“NEW YORK CITY HAS A RHYTHM ALL ITS OWN”: GORDON AU’S GRAND STREET STOMPERS’ DEBUT AT DIZZY’S CLUB COCA COLA / JAZZ AT LINCOLN CENTER (October 22, 2014)

I was there, and I saw it for myself — five floors up, against a glorious dark Manhattan skyline, closer to the stars than any jazz club I know.

On Wednesday night, October 22, 2014, courtesy of the New York Hot Jazz Festival (thank you, Misha Katsobashvili!) and Jazz at Lincoln Center, Gordon Au and the Grand Street Stompers made their debut appearance — two sets, two sold-out crowds — and thrilled everyone.

Those who have been following the GSS weren’t surprised, but I think some of the international visitors in the room went away with a new appreciation for New York hot.

Here are two highlights: Gordon’s own RIDGEWOOD STOMP, and Tamar Korn’s ecstatic performance of DO THE NEW YORK.* The band was Gordon, trumpet, arrangements, compositions; Josh Holcomb, trombone; Matt Koza, clarinet / soprano saxophone (subbing for the temporarily under-the-weather Dennis Lichtman); Nick Russo, banjo / guitar; Andrew Hall, string bass; Rob Garcia, drums, with vocals by Tamar and by Molly Ryan.

Thanks also to Danielle Bias of JALC and Desmond Prass (a jazz scholar who recognized Big Sid Catlett!) of Dizzy’s for making it possible for me to video and share these with you. (Among friends, too — Neal, Dennis and Mary, Kelsey, and a number of new converts.)

What next, O Stompers?

*There is a singularly unsubtle edit in this video, linking one song to another. You’ll know it when you stumble over it.

May your happiness increase!

LAURA HITS THE ROAD: CHICAGO SALTY DOGS (October 5, 2014)

My friend Laura Beth Wyman, flutist and videographer, is blazing new trails, with camera, microphone, tripod, and notepad, boldly capturing hot jazz in Michigan and bringing it back alive for everyone.

Her YouTube channel is still in its youth, but the music she’s captured so far is deliciously mature.  Vintage, in fact.

I encourage you to subscribe, and after doing so you can enjoy two performances from an October 5, 2014 West Shore Jazz Society concert by the Chicago Salty Dogs, who were for this occasion Kim Cusack, leader and clarinet; Art Davis, trumpet; Frank Gualtieri, trombone; James Dapogny, piano; Mike Walbridge, helicon tuba; Jack Kuncl, banjo; Steve Torrico, drums. These performances took place at the Oak Ridge Golf Club, Norton Shores, Michigan.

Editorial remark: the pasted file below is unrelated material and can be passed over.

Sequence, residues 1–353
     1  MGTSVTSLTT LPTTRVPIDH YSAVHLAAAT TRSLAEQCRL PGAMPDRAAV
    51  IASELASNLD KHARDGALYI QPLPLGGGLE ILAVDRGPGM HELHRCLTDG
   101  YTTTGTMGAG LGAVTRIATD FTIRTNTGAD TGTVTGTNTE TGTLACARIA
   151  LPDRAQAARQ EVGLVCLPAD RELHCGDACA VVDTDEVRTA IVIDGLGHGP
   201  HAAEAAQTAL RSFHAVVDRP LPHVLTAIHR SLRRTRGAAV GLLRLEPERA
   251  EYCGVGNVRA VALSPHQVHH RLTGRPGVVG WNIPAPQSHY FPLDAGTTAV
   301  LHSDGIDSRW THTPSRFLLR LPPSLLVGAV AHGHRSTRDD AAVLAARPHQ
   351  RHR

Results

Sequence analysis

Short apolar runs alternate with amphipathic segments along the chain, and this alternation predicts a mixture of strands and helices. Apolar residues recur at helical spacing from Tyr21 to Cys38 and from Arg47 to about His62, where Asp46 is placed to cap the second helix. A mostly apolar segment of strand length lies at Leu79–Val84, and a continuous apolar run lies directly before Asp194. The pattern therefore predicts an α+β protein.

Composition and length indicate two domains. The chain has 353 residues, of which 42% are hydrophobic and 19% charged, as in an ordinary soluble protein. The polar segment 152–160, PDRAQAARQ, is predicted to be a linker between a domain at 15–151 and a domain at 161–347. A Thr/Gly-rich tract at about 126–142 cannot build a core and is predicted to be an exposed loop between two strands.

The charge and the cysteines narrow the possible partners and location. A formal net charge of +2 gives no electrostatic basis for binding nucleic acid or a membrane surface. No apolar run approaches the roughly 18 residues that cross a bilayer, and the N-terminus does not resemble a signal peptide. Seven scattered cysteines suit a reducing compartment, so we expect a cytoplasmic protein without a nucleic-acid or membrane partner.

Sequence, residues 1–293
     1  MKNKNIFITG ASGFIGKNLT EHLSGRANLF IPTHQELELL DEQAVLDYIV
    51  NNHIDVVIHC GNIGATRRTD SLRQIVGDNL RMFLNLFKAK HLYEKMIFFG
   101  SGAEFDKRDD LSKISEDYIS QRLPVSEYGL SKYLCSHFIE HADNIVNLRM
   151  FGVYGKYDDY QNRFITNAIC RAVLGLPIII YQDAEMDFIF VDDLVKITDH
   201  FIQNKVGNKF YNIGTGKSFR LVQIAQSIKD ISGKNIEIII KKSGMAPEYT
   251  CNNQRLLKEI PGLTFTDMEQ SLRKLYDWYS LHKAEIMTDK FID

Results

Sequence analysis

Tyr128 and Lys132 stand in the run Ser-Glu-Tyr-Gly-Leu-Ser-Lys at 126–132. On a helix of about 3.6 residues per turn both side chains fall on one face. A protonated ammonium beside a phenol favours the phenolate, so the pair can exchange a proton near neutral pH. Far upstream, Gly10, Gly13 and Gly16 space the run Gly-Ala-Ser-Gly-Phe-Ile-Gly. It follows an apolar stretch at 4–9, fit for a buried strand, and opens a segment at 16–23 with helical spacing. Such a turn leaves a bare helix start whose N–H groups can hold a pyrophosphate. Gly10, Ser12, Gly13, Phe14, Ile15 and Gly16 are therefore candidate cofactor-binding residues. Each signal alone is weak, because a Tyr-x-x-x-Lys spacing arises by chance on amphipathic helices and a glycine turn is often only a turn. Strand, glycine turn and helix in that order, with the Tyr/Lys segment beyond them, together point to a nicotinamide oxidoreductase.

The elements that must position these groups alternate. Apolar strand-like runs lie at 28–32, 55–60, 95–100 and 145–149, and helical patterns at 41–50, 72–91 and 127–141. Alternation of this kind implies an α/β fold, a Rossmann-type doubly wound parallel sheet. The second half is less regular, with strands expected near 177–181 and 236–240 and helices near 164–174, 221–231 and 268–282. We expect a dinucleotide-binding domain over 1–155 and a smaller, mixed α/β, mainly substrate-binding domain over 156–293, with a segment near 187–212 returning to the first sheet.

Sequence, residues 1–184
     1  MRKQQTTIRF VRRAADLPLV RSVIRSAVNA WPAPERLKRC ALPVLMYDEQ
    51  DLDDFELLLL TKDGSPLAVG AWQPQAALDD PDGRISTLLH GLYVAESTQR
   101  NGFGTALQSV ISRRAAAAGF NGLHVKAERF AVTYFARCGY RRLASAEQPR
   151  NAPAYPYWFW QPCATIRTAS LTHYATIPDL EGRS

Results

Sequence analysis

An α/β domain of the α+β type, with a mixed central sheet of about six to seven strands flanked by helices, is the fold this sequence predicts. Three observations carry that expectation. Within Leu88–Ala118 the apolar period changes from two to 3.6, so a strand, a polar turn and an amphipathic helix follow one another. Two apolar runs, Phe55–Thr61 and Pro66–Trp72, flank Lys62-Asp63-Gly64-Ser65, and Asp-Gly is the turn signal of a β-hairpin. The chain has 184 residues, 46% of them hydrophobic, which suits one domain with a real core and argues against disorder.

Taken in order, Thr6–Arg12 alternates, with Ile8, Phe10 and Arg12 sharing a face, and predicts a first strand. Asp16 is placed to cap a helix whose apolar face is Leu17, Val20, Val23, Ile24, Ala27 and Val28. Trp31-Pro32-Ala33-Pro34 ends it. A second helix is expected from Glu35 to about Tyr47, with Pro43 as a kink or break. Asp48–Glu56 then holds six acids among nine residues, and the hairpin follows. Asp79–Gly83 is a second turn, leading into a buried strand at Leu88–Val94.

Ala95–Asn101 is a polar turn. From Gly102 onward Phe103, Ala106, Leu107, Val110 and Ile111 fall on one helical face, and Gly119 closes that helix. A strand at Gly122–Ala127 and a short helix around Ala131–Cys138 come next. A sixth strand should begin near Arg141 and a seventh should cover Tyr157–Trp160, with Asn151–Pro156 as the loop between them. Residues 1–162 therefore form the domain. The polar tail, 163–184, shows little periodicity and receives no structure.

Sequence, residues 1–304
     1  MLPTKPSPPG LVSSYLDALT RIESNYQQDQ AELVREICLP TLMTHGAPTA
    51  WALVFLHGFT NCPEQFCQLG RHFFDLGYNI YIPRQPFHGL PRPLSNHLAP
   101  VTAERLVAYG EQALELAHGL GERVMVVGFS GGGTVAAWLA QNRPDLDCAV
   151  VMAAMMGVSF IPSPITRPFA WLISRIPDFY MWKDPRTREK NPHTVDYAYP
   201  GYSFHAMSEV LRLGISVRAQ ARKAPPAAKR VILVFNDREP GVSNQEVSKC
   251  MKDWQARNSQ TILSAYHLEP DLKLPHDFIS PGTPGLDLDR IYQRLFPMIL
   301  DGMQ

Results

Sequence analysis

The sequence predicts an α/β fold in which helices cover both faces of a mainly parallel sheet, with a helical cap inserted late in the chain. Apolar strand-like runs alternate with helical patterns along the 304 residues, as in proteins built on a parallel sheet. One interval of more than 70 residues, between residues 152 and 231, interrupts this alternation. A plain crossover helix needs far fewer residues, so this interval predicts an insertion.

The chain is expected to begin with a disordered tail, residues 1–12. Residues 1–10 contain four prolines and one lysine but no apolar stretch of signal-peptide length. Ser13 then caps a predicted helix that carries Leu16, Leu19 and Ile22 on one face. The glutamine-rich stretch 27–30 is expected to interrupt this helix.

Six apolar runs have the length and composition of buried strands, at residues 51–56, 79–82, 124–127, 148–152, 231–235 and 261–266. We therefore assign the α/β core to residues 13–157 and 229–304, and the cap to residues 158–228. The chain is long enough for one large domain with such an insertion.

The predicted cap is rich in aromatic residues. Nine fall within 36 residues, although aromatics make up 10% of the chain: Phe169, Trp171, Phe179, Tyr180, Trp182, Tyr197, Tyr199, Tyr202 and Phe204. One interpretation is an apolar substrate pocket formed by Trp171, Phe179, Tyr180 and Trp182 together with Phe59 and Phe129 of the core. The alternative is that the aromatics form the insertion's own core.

Something for Jimmie  Noone and Earl Hines (honored but not imitated by Cusack and Dapogny), APEX BLUES:

And for Mister Morton, a rollicking version of the WOLVERINE BLUES complete with two piano and one tuba solo:

Thanks to the Dogs and to the intrepid Ms. Wyman, climbing apexes and on the lookout for wolverines.  I hear tell there will be more music captured in its native Michigan habitats in future.

May your happiness increase!

HONEY IN THE GARDEN: CHRIS DAWSON, MIKE LIPSKIN, ROBERT YOUNG, PAUL MEHLING at FILOLI (August 10, 2014)

Sweet, hot, romantic, and vernal: another delicious performance from Mike Lipskin’s Stride Summit at Jazz at Filoli on August 10, 2014, featuring Chris Dawson, piano; Mike, piano; Robert Young, soprano saxophone; Paul Mehling, guitar.  The song is MY HONEY’S LOVIN’ ARMS, which I first heard on Bing Crosby’s recording (“A cozy Morris chair / Oh, what a happy pair!”) and later in various Eddie Condon joy-fests (trombonist Cutty Cutshall called it MAHONEY for short, I have heard).

But here’s some honey-love in the garden for all of you:

For more performances from this wonderful concert (some featuring Dick Hyman) and more information about Jazz at Filoli, click here.

May your happiness increase!

RAGS, STOMPS, BLUES, JOYS, and a CRAVE: MORTEN GUNNAR LARSEN’S RED HOT PEPPERS at the WHITLEY BAY CLASSIC JAZZ PARTY (Nov. 2, 2013)

Care for some Jelly Roll?  I certainly do.

Both as pianist and scholar, Morten Gunnar Larsen knows his Jelly Roll Morton, and his knowledge and love show in his playing.

This Morton tribute comes from the 2013 Whitley Bay Classic Jazz Party, and it is an especially rewarding one because it gently and effectively combines a reverent approach to the originals with on-the-spot improvisation.  So what you experience is more than a series of scroll Victor 78s played live